b.  I’ve read a number of criticisms of Lee F. Hollander’s translation of the ‘Poetic Edda,’ but it has a lot to recommend it, in my opinion:  it gives one a feel for how the verse types work in Old Norse; he provides plentiful notes for those who want them, so people who are new to the myths can quickly get a sense for what they’re all about, and his scholarship is reliable.  Downsides:  he does employ archaisms to get around the difficulties of translating precise poetic metres, and it is somewhat grating; and he does on occasion sacrifice accuracy for the sake of cadence.   He also gives an excellent introduction to the various poetic metres.   (Dr. Hollander also published a fabulous prose translation of Snorri Sturluson’s ‘Heimskringla,’ ‘History of the Kings of Norway,’ still in print and very affordable.)

c.  A very new (and quite affordable) translation of the ‘Poetic Edda’ is the one done by poet and fellow Canadian Jeramy Dodds, under the oversight of the well-known scholar Terry Gunnell, who also supplies the preface, validating Dodd’s own scholarship and describing the translation as “… bearing in mind the original qualities and inherent music of Eddic poetry while at the same time bringing the poems up to date and giving them a new immediacy…”  I do like Dodds’ elegant verse translations, but, the lack of notes is a down side for those who have no prior acquaintance with the myths.  He does provide a detailed chart, though, showing the ‘genealogy of the gods and jotuns [giants, sort of], and an excellent drawing showing all of the ‘worlds’ featured in the Norse myths.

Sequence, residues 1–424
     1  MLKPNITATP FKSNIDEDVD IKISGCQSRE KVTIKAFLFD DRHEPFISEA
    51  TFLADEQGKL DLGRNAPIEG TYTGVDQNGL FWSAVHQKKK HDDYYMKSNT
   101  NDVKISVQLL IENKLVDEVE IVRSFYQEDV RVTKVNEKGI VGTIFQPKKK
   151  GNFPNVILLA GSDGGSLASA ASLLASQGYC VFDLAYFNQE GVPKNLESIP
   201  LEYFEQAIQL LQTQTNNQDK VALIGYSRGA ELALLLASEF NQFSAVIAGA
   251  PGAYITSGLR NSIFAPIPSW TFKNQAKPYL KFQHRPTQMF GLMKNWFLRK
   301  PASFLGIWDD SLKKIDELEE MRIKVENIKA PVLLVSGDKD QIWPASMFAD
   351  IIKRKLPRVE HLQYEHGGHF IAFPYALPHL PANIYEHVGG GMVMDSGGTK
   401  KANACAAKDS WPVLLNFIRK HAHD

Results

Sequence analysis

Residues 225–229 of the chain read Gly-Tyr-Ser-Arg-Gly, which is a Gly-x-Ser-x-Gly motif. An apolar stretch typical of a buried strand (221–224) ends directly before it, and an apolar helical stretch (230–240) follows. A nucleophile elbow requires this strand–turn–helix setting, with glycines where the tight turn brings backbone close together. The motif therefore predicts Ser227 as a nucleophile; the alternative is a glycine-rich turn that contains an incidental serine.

There is the occasional mis-step:  for instance, surely a translation of ‘being’ for ‘vitr‘ to describe the swan-maiden wives of Volund and his brothers would have been preferable to translating it as ‘beasts.’  But Dodds, who is a poet in his own right, has a brilliant sense for the lyrical power of poetry, and his translations convey the stark beauty of the Edda poems very well.


2.  THE EDDAS:  ENGLISH-LANGUAGE COMMENTARIES:                                        a.  John McKinnell’s anthologies of his Eddic commentaries, ‘Meeting the Other in Norse Myth and Legend’ and ‘Essays on Eddic Poetry,’ are both eminently readable, very well-researched and thoughtful.  Although I don’t always agree with McKinnell’s interpretations, he has an enthusiasm for his subject matter that I find to be quite contagious.  He is never dry or boring.  ‘Meeting the Other,’ published by D.S. Brewer, is a high-quality printing and contains a preliminary section on McKinnell’s “Aims, Methods and Sources,” as well as an Appendix of “Summaries and Translations of Sources,” both of which are lacking in the ‘Essays on Eddic Poetry’, the latter which was compiled by two of his students.  Some of the topics in the two anthologies have a similar focus but a different slant; others are altogether different from those in the other anthology and I recommend getting both of them.